The breadth of the material is so enormous that at times you may find yourself wishing for more. But then you realize that probably every chapter would deserve a separate book. Personally, I find that the material points to the indisputable conclusion that science should enter the areas so far reserved exclusively to philosophers, poets, or charlatans. Also, the author's personal experiences prove quite decisively that the source of human "out-of-body experiences", "alien abduction stories" or "religious visions" is nothing else but our brain, intentionally stimulated by subjecting people to the extremes of hunger, thirst and exhaustion, if not simply to drugs and/or alcohol. It is time to give the scientific method and the human reason the respect they deserve.The success of our civilization may be at stake.

Warmly recommended.
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on May 18, 2014
Shermer is concerned with the truth and calls it as he sees it. A cornerstone of the skeptic philosophy and a regular contributor to Sci American, he has written a number of books which theorize why we are the humans we are. I, for one, think the Believing Brain has nailed it. It is why we believe what we believe. Ever wonder? For many it will perhaps start a dialogue in ourselves which we often stuff or dismiss. But we shouldn't be afraid to do that. This is the underlying message from Shermer. As individuals we need to question why we do what we do and think what we think and believe what we believe. The answers may not be what we had thought and they may upset us, but in the end we become the owners of who we are. Recommended to the fearless thinkers inside you.
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on January 19, 2014
While I read Skeptic magazine regularly (Michael Shermer is the publisher and editor-in-chief) I couldn't finish this book. I'll have to give it a second try.
It's not the research or the prose that fails, in fact it's this anecdote that will forever stick in my head: the story of a little girl who was hyperactive and unruly and some psuedo-scientist/psychologist who used the discredited method of "re-birthing." They smothered the little girl in a makeshift womb of couch cushions, and despite her protests they continued with the "therapy."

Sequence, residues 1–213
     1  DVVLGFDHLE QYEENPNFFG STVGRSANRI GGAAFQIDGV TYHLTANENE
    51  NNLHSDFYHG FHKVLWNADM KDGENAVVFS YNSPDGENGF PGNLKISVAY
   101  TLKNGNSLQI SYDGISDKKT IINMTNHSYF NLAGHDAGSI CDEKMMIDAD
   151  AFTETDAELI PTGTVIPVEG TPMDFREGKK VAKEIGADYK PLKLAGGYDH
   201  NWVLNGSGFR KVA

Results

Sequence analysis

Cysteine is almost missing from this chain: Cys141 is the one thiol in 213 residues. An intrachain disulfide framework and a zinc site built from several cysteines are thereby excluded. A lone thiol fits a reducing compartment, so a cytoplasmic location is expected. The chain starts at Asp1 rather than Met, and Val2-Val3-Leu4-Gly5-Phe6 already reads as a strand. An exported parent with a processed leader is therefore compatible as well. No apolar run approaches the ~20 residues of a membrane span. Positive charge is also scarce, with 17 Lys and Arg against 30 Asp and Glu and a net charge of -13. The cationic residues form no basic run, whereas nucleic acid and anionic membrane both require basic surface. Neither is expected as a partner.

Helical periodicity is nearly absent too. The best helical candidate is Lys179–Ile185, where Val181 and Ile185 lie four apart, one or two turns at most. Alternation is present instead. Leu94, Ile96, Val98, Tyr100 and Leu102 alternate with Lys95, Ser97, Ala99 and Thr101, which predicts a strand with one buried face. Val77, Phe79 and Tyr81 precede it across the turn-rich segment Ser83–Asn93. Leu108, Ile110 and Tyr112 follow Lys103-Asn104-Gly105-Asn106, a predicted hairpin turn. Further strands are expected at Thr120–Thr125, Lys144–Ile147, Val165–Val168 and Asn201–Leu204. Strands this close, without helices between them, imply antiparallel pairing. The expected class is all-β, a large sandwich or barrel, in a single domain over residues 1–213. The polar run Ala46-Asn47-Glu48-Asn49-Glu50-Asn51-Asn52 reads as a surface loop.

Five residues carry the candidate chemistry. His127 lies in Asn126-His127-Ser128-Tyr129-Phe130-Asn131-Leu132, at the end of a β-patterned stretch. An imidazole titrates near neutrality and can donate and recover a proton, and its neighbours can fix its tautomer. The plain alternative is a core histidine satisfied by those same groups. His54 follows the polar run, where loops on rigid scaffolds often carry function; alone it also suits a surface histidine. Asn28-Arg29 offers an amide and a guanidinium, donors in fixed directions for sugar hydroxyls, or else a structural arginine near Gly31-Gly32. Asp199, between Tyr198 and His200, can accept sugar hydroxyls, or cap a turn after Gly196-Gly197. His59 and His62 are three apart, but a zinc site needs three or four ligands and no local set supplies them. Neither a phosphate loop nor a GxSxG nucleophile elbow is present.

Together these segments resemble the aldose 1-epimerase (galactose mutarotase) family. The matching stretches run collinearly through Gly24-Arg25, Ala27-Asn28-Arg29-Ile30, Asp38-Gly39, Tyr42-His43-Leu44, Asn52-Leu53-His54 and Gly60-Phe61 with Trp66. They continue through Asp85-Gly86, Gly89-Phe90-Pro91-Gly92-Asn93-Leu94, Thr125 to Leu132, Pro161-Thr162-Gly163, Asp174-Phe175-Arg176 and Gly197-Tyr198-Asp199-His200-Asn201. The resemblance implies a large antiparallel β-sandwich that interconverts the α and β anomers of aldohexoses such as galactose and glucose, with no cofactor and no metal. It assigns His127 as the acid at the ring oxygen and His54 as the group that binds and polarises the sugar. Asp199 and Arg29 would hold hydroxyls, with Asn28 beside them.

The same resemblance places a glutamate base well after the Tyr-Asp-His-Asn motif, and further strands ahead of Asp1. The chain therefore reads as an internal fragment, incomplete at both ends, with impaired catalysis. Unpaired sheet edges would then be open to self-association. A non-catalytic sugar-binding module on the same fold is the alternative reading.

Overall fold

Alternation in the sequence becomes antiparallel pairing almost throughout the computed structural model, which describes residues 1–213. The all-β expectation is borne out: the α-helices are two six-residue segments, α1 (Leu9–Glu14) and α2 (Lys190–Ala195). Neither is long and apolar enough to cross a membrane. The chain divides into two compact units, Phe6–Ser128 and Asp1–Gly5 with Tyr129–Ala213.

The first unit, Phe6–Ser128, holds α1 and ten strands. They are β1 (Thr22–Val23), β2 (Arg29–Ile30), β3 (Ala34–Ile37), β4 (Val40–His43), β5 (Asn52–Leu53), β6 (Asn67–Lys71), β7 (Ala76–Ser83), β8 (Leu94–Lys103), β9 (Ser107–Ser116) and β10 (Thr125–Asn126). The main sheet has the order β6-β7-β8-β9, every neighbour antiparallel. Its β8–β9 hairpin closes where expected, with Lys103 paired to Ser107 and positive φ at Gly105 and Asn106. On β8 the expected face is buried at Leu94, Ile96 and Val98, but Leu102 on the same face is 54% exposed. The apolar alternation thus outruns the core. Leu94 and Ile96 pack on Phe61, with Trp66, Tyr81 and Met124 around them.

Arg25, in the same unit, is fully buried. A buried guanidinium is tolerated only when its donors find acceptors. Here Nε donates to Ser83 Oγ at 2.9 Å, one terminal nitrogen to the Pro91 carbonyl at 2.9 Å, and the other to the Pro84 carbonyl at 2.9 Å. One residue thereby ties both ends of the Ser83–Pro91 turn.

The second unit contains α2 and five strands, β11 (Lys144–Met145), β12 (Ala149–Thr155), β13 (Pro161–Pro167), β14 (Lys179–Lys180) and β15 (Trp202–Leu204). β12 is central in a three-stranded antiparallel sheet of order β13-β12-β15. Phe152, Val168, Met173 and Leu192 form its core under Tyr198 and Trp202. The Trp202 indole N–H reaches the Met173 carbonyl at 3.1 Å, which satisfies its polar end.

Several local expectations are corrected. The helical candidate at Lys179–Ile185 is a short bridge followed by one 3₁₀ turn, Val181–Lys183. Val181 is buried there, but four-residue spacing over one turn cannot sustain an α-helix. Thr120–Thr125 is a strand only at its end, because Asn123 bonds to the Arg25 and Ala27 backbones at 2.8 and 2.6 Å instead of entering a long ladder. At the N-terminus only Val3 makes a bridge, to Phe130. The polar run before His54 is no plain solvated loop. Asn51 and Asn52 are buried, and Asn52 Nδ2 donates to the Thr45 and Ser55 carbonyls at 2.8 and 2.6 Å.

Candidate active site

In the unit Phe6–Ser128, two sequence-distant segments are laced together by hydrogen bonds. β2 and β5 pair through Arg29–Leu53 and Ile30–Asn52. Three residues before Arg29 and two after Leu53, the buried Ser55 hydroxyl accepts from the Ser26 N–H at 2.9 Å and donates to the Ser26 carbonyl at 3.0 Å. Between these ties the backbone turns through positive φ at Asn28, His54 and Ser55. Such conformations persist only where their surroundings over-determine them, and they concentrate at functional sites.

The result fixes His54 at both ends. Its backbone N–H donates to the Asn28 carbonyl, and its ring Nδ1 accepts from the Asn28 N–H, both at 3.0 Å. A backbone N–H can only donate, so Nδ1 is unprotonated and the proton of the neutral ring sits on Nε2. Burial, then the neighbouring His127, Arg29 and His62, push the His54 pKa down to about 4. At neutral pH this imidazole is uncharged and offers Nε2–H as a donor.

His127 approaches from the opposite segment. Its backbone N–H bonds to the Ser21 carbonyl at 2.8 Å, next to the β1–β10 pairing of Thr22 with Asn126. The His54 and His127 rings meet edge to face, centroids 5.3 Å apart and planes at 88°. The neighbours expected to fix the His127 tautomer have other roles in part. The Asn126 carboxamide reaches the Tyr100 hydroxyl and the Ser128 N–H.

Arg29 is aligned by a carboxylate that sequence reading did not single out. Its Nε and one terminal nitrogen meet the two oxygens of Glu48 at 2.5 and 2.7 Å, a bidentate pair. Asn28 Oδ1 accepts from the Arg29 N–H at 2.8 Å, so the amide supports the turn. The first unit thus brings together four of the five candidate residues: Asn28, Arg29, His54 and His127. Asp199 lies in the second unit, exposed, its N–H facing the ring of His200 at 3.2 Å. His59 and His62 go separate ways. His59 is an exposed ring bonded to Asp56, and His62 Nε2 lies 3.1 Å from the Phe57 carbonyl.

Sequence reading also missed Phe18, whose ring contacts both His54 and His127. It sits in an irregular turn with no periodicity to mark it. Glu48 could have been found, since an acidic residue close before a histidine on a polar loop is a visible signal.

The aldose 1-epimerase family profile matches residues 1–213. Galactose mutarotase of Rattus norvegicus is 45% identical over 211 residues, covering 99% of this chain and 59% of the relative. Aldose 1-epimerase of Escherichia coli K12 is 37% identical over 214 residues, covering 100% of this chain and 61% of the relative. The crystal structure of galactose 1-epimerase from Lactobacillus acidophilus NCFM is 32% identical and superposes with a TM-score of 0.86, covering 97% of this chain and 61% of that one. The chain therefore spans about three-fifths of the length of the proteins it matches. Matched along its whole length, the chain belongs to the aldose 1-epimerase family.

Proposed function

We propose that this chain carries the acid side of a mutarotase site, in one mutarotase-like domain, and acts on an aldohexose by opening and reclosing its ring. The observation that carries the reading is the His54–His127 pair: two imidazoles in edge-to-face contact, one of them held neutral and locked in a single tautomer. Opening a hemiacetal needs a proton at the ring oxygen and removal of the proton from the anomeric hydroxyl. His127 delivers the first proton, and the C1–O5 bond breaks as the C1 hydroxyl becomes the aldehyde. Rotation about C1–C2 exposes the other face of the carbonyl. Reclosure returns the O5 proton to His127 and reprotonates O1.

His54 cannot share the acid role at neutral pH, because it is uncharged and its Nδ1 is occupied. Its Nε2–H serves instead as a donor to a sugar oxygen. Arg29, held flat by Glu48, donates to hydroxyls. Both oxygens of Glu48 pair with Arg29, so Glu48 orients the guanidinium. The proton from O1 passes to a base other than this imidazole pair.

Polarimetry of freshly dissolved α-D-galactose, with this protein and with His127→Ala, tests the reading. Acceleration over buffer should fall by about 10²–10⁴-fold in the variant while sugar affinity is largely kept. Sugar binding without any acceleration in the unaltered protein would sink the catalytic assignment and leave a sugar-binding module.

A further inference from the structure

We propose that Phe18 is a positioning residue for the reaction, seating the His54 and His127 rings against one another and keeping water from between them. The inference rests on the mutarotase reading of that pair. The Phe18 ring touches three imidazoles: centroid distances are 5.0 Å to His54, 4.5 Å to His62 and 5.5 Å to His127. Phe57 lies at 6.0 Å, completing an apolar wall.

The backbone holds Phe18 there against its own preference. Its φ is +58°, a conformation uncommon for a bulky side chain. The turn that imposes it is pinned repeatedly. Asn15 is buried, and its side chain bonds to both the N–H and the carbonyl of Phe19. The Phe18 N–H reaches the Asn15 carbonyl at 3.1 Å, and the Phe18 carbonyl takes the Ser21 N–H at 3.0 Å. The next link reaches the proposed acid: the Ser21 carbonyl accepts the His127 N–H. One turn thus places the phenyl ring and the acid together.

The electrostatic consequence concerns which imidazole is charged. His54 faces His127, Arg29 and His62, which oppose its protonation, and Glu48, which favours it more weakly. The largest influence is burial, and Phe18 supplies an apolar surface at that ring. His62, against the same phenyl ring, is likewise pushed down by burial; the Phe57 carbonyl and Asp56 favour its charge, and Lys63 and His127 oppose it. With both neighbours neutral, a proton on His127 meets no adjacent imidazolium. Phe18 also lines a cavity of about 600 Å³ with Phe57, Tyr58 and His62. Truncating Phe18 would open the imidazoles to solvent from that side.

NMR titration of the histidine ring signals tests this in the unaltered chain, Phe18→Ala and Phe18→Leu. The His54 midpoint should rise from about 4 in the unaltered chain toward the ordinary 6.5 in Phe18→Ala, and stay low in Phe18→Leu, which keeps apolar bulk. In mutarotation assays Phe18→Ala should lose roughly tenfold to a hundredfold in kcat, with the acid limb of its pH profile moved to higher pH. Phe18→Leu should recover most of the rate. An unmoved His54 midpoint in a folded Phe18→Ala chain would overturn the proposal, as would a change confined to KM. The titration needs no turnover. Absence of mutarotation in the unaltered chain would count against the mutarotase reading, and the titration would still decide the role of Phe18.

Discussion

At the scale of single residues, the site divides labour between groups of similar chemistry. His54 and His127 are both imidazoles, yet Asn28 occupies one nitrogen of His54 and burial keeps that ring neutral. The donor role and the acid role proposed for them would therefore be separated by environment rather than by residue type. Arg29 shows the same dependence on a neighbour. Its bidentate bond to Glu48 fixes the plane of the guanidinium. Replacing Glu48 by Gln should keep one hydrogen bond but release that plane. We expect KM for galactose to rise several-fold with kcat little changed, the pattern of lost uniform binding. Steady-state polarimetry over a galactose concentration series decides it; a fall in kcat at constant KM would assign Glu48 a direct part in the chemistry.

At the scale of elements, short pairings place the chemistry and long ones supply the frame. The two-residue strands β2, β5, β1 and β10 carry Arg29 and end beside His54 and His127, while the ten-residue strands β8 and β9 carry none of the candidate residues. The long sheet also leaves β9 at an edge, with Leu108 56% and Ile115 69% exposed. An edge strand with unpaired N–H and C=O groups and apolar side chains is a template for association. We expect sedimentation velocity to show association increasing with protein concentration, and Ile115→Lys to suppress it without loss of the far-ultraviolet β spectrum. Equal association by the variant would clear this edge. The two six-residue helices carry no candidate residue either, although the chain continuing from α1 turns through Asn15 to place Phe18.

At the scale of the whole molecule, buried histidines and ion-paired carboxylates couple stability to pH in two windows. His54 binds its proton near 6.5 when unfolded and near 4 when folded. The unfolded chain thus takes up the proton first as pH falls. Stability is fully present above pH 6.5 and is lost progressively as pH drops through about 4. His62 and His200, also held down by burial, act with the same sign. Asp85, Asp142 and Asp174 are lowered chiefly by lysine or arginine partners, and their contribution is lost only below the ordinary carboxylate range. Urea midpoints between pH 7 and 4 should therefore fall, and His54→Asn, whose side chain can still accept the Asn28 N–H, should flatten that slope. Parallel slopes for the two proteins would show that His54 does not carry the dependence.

I had to set the book down and cry after that. I couldn't continue on.

I'll try again, but that real-world example was
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on November 29, 2014
I'm slowly reading it. I enjoy every page. It provides a more in depth rationale as to why we humans developed this pattern-making behaviour and how useful has been for survival. As everything in our evolved species, it has also a dark side because it leads into a comfy zone of perceived patterns that aren't real or necesary with the superstition/religion consequence. Sorry, this isn't a scholarly review, just my personal impressions of this excellent book. Strongly recommended.
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on March 25, 2015
I had a few reservations after the first two chapters that spent some time describing and defending the coinages of "agenticity" and "patternicity", but soon I was convinced that any flirtation with jargon was excused, because the arguments and discussion made abundantly clear why these terms were needed. I found the book very interesting and have added agenticity and patternicity as welcome termsto my technical vocabulary.
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on September 1, 2013
Shermer explores the mechanisms of human belief from a scientific, skeptical point of view. At times the book becomes a little convoluted with scientific explanation and terminology, but beyond that, it is a an interesting read
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on March 4, 2016
Excellent book explaining why we believe and how the physiology of our brain predispose ourselves to try to identify patterns and agency. Well worth reading